Inspired by the little free libraries popping up across the country, Stoney Alseth started his own. He called it Stoney's Free Library, and it wasn't long before book donations started pouring in.
The library started as a shed in the yard of the Alseth's South Range home.
"We started thinking pretty early on that we were going to need another building," said Randy Alseth, Stoney's dad.
So, they got one. With help from the Superior Jaycees and the Lion's Club, Stoney added a second shed, making his free library even bigger.
Randy estimates that their books number in the thousands. They've gotten donations by the boxes and gift cards to buy more books. Stoney sells eggs from the family's chickens to buy even more books.
"It's just gotten bigger and bigger," said Randy, "Bigger than we ever thought it would."
So big that Stoney's Library now serves as a field trip destination. Students from Bryant Elementary have visited the library twice this year.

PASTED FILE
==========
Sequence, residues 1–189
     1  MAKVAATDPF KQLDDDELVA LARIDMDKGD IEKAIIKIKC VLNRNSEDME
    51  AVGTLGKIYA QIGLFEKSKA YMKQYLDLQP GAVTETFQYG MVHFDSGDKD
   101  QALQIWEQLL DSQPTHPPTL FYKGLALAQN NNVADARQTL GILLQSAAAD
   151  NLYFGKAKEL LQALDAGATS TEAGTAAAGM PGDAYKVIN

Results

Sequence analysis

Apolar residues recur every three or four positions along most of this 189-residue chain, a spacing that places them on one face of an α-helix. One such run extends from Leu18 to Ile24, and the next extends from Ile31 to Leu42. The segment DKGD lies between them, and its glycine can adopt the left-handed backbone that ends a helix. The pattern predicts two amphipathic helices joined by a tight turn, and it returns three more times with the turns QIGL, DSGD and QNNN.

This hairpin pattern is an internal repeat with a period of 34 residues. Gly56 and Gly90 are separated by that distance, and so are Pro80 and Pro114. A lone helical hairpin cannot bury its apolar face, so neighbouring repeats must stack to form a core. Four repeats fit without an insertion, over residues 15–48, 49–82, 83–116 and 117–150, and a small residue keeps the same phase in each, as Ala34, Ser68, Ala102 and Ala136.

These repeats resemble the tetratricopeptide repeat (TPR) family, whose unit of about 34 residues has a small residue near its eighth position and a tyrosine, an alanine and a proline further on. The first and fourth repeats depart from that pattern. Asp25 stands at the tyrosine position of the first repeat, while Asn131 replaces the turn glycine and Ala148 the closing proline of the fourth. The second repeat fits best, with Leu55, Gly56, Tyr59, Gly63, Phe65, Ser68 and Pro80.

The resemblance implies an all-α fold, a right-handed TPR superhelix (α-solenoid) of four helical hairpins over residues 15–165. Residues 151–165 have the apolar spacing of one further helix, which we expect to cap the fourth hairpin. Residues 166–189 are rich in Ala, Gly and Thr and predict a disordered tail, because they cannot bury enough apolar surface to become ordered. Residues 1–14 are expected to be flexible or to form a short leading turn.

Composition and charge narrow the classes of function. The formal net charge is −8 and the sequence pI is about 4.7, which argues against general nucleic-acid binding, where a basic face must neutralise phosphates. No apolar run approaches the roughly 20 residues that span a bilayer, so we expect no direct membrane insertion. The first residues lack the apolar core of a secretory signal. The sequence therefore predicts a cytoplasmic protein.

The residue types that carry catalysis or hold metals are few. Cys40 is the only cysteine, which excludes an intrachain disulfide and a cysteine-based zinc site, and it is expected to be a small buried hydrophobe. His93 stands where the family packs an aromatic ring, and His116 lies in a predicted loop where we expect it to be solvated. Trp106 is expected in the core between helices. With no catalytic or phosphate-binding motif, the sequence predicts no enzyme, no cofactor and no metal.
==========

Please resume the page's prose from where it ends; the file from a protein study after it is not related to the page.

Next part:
"It's just really exciting to see [that] for the love of books a whole library has been built," said Bryant Elementary teacher, Sarah Winkle.
Stoney was born with cerebral palsy. He uses a device called a dynavox to speak.
"My library is always open," Stoney said, "I want everyone to be able to have books, so I made my free library."
"There isn't a lot of other things that he can do, playing with toys, and stuff because of his limited muscle control, so reading books is an enjoyable way for him to spend his time," said Randy.
You can learn more about Stoney's Free Library, here.
Stoney is now ten years old....and his library is now a lot bigger.